DERDEN, TEXAS. Derden, on a spur off Farm Road 2488 midway between Covington and Blum in northwestern Hill County, has served area farmers and ranchers as a school and church community throughout its history. The settlement began to form in the mid-1850s when the Ince brothers arrived in the area and built a cotton gin. In the following years the community gained an additional gin, as well as two merchandise stores, a drugstore, and a church. Later its settlers built a schoolhouse. The settlement was originally called Brushy Knob because of its location near a high wooded hill; it apparently adopted the name Derden sometime after the Civil War, supposedly in honor of a prominent citizen. Between 1875 and 1879 Derden had an active Grange chapter. A post office operated in the community from 1881 to 1903. Derden was the home of an independent school district until 1919, when Derden, Oak Hill, and Old Union Hill consolidated under the name Union Hill. In 1970 a cemetery remained at the site.
Image Use Disclaimer
All copyrighted materials included within the Handbook of Texas Online are in accordance with Title 17 U.S.C. Section 107 related to Copyright and “Fair Use” for Non-Profit educational institutions, which permits the Texas State Historical Association (TSHA), to utilize copyrighted materials to further scholarship, education, and inform the public. The TSHA makes every effort to conform to the principles of fair use and to comply with copyright law.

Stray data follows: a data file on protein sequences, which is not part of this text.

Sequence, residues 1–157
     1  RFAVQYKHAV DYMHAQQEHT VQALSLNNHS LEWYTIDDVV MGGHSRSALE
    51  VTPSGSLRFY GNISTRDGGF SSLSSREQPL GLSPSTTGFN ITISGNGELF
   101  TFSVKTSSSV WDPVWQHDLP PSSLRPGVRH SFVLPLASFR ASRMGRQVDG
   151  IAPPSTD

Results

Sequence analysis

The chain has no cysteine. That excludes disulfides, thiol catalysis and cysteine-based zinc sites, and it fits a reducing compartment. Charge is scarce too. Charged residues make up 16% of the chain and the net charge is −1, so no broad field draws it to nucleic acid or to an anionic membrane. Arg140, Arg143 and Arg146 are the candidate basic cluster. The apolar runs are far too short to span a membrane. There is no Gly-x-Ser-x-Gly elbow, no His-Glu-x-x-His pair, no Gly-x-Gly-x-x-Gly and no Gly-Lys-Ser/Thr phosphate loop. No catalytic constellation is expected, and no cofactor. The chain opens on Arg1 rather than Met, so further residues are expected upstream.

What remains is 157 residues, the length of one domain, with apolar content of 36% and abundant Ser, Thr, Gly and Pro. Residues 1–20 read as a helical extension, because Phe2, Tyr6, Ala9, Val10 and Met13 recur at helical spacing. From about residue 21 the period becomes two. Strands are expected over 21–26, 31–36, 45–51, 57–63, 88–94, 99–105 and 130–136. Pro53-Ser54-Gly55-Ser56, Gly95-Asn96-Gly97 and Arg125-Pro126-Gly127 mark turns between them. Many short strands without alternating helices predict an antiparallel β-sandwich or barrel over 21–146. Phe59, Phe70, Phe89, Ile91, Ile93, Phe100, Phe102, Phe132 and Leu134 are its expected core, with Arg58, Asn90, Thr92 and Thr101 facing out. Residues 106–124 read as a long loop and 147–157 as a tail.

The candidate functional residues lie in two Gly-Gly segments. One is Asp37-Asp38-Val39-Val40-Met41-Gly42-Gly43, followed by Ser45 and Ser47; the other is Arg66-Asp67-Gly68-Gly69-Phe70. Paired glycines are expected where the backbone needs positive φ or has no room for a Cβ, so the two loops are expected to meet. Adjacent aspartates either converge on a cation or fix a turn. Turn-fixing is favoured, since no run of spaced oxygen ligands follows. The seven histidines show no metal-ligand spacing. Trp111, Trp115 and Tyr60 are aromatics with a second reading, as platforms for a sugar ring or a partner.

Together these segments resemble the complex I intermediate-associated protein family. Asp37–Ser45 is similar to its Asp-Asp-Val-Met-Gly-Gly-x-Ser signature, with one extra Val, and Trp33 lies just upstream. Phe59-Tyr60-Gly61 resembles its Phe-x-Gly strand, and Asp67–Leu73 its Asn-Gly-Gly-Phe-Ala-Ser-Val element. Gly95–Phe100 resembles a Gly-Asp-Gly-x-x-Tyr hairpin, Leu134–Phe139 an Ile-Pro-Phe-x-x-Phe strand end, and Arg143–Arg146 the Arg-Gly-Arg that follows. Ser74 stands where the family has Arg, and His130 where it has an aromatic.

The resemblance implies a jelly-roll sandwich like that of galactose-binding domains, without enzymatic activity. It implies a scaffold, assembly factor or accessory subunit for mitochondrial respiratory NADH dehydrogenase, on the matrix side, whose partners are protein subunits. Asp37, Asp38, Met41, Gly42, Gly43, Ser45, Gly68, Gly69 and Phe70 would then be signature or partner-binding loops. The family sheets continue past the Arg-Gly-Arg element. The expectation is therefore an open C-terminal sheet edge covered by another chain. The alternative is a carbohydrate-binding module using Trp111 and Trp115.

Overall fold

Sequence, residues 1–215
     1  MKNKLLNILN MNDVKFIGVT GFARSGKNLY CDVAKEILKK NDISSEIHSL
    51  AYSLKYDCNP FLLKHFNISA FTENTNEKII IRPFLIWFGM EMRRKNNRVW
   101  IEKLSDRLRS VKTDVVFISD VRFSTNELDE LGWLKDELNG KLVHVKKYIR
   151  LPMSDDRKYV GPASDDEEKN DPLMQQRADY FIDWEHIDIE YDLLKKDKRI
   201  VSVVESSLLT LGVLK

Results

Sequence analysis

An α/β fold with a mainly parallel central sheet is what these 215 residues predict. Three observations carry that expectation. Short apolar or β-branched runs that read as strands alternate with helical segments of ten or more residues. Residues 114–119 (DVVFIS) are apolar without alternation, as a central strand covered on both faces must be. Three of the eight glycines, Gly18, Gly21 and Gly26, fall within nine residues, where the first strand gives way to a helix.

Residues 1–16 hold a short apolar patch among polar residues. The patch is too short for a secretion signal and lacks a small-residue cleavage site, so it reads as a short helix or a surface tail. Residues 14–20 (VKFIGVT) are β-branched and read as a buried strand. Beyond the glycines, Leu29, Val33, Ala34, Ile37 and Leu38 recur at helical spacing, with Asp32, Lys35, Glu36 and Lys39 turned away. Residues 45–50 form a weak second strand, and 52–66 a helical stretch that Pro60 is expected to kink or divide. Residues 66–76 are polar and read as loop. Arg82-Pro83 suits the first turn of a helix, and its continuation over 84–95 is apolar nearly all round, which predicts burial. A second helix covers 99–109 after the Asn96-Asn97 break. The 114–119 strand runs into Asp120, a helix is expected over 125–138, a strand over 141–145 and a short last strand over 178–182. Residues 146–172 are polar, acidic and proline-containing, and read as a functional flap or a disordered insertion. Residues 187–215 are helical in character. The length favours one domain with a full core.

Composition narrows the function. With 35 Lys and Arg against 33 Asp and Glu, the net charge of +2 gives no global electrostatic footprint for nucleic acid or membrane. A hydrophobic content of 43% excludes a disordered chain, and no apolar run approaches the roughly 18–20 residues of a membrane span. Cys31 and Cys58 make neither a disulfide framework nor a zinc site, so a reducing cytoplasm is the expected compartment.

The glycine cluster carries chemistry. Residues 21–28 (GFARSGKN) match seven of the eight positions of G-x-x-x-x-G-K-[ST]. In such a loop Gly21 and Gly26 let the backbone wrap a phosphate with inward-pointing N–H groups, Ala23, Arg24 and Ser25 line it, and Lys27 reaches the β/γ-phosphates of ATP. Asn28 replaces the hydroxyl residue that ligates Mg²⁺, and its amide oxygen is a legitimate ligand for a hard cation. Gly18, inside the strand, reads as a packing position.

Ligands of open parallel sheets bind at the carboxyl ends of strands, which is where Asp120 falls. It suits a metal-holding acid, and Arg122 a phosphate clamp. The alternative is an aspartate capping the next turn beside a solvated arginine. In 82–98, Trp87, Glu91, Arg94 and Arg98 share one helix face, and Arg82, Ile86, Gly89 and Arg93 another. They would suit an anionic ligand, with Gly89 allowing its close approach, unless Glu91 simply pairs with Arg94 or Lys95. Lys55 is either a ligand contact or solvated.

For more information go to: http://www.law.cornell.edu/uscode/17/107.shtml
If you wish to use copyrighted material from this site for purposes of your own that go beyond fair use, you must obtain permission from the copyright owner.
The following, adapted from the Chicago Manual of Style, 15th edition, is the preferred citation for this article.Handbook of Texas Online, David Minor, "Derden, TX," accessed May 24, 2016, http://www.tshaonline.org/handbook/online/articles/hrd71.
Uploaded on June 12, 2010. Published by the Texas State Historical Association.
Get Texas history every day,
with day by day
Each day's email tells a little bit more of the story of Texas and links to our collection of more than 27,000 articles